Alright, this is probably a tad hyperbolic. Fine. Very hyperbolic.
I’m just saying the site has been upgraded. It was running on a bespoke (as close that as possible) server VM that I hand-crafted and artisanally put into service with love. That’s all been chucked out with yesterdays hummus. It’s the 90s, nobody has time for that anymore!
Now it’s running all in containers. Containers are all the rage these days (2014). The advantage of this is that it runs independent of the operating system, in it’s own mini-OS (over simplifying, but that’s the gist). That means I can tear this hunk-a-junk down and rebuild it super easily with minimal configuration. It also means when a new version of any of the things that run this thing get upgraded, I can easily just upgrade the container, and BA-ZAM the site is using the latest and greatest.
Now migrating everything took a while, and I wrote some helpful bash scripts to help me along, but I am pleased with how this all turned out. This also should allow me to upload test code projects in their own container without having to worry about too much cross talk and breaking stuff. I’m excited about it.
Now that I feel comfortable writing in this again, maybe I’ll actually update more frequently. (HAHAHAHAHAH)
But what is it you, absolutely do not ask? Inquiring minds would like to know, is a thing no one has said about this.
Well, sit back, fair reader, and let me spin you a yarn you
almost surely do not care about.
A long time ago in the year twenty-hundred and twelve I was helping to set up a website for the Purdue college improv group, The Ship of Fools. I was helping save their old site and their old wiki. It took a bit of doing, but it was brought back together with a lot of help.
The wiki portion turned out to be an invaluable resource outside of just Ship of Fool’s needs.
In improv, after a while you notice games are hard to
manage. There are often several different names for the same game depending on
the group, rules are forgot, or you just have a hard time coming up with stuff
to fill a set list for a show. There is many uses for a central database for
this information, but sadly, as The Ship of Fools changed hands the website
went away and that info and tool and lost.
Luckily (knocks on every wood), I am paranoid about that stuff, and I think I mostly backed up that information. I definitely had a database snapshot when the site was first launched back in 2012, so for sure I have the initial crop of info.
It is right now on the 2012 snapshot, but I will add more
info from my backups going forward. It is closed off for editing right now, but
I want to give this to other groups to fill in their info as well, or just use
it as a resource.
Getting this site up was not “as pie” as I would like it to
be. I would like it to have been several more clicks in the direction of “as
If you read a post ago, I rebuilt my web server I have running in the cloud. It’s a LEMP (Linux, NGINX, MySQL, PHP) server. My other one was out of date and needed to be rebuilt. This is normal. The problem is sometimes as the underlying infrastructure is updated it breaks old software packages.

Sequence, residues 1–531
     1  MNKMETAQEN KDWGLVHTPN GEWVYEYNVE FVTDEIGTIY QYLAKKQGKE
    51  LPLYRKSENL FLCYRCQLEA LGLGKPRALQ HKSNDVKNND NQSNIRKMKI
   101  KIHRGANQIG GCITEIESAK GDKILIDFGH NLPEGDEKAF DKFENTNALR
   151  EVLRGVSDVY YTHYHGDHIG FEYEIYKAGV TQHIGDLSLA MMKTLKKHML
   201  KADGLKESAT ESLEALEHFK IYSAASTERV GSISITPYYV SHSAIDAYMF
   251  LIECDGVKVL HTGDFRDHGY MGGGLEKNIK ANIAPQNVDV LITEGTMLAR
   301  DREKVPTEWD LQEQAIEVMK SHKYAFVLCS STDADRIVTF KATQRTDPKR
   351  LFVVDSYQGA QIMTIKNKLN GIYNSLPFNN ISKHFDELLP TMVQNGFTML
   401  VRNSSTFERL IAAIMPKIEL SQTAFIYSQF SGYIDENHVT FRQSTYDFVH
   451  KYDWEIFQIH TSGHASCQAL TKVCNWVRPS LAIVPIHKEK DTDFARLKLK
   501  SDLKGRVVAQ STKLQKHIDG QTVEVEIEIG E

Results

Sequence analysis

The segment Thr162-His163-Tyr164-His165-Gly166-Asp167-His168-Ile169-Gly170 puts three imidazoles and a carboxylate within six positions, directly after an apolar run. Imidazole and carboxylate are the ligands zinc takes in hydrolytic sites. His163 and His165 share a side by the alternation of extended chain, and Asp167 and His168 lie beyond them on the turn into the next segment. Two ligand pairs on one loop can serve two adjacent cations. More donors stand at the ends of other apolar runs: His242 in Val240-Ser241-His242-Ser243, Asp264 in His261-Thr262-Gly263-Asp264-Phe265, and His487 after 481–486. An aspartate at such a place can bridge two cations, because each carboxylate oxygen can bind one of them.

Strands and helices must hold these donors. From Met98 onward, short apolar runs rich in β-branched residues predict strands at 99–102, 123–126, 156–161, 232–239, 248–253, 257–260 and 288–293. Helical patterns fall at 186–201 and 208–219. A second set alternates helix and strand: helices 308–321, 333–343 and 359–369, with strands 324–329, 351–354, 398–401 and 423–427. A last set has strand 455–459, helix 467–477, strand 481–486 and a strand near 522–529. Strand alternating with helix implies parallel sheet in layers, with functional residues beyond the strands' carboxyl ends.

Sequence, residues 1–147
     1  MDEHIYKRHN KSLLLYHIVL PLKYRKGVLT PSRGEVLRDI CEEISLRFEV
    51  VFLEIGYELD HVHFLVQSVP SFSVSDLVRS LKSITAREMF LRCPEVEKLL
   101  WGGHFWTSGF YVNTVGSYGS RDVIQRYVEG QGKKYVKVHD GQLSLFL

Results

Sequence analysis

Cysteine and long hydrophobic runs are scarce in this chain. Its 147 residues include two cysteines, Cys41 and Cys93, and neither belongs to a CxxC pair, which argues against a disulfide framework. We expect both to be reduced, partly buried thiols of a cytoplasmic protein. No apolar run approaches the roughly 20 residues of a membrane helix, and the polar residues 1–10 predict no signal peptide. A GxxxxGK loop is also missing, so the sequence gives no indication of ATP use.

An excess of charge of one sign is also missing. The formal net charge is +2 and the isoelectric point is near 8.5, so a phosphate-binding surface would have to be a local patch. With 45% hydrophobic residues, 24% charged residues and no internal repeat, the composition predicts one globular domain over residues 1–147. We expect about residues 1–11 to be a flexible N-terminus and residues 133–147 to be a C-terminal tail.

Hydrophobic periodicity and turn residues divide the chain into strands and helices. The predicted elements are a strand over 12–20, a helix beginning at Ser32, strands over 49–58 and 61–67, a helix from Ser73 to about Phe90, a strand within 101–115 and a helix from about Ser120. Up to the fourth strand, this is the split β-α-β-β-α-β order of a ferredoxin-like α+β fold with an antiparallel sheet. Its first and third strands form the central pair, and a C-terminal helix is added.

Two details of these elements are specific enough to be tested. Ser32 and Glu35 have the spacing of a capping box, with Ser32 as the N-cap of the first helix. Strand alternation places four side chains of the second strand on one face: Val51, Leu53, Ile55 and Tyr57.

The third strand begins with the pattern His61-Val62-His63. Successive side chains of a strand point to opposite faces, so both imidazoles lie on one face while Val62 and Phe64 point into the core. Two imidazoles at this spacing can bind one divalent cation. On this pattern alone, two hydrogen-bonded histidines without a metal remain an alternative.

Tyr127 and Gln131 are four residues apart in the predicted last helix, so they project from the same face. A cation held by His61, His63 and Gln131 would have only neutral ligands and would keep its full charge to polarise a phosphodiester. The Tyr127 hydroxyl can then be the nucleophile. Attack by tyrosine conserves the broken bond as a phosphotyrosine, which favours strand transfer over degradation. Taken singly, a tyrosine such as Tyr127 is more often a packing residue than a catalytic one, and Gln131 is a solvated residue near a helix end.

This was what I was like for the SoF-Pedia (precursor to Improv Wiki). I had the newest version of MediaWiki (the software that powers Improv Wiki, and Wikipedia for that matter) running on my server, and tried to rebuilt the database then run an upgrade script. Well, nothing doing. I suspect it was just too many versions behind. To get the original site up, I decided to grab a version of Ubuntu from around 2012, as this would probably have the pre-compiled software packages of the versions of software to run the original incarnation. I downloaded VirtualBox and built a local VM of Ubuntu and configured it to run a local web server for the original website. It worked!
After that mess I had to figure out how to get those pages to the new wiki. My original thought was stepping through every version of MediaWiki and running the upgrade script until it eventually hit the latest version then doing a SQL dump of the database and re-importing that. This would almost surely work but be much more a hassle. I found there was an export page option. It is built into MediaWiki at least since that version, and outputs all selected pages as an XML file. You can then import those into any MediaWiki. The old version of MediaWiki that was used has an export page option, but you have to either select each category individually or type in every page. There might have been another way to do things, but I couldn’t find anything. After the export, I imported it, and that’s where Improv Wiki sits today.
I am going to be working on it when I get the time, but I
hope someone or someones finds the content useful. I know I’ll. be using it.
You probably didn’t notice, but you just got this site served to you on a brand spankin’ new web server! Oh yes, it is the freshest and newest since the last one (which was almost three years ago!)
Also, evidently I have missed my post date from the previous post because of course I did. I mean I can’t commit to post dates and hit them. That wouldn’t be very on brand for this site. That’s not to say it isn’t close to post, it is.
There is another cool thing I am launching with this fancy dance web server. Or RE-launching. HOW CURIOUS. You will just have to wait to find out. Barring any ridiculous problems, it should be live soon. This is something that should exist and sadly doesn’t anymore.
Anyway, stay tuned and long live this weird website!